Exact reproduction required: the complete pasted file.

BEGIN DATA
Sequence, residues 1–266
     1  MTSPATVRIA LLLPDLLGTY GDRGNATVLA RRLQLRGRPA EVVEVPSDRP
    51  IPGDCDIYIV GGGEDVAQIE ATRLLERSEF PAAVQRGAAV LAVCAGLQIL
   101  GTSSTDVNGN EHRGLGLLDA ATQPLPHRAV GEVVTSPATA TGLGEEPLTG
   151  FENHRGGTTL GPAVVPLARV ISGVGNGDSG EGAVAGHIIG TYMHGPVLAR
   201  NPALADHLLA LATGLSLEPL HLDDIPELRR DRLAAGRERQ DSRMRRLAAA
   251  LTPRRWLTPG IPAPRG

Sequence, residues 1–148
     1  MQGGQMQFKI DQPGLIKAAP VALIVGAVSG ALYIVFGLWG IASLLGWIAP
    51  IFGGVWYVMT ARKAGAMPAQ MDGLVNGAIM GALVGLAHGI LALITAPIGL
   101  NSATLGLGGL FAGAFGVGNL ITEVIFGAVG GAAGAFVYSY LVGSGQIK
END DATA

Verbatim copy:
Sequence, residues 1–266
     1  MTSPATVRIA LLLPDLLGTY GDRGNATVLA RRLQLRGRPA EVVEVPSDRP
    51  IPGDCDIYIV GGGEDVAQIE ATRLLERSEF PAAVQRGAAV LAVCAGLQIL
   101  GTSSTDVNGN EHRGLGLLDA ATQPLPHRAV GEVVTSPATA TGLGEEPLTG
   151  FENHRGGTTL GPAVVPLARV ISGVGNGDSG EGAVAGHIIG TYMHGPVLAR
   201  NPALADHLLA LATGLSLEPL HLDDIPELRR DRLAAGRERQ DSRMRRLAAA
   251  LTPRRWLTPG IPAPRG

Sequence, residues 1–148
     1  MQGGQMQFKI DQPGLIKAAP VALIVGAVSG ALYIVFGLWG IASLLGWIAP
    51  IFGGVWYVMT ARKAGAMPAQ MDGLVNGAIM GALVGLAHGI LALITAPIGL
   101  NSATLGLGGL FAGAFGVGNL ITEVIFGAVG GAAGAFVYSY LVGSGQIK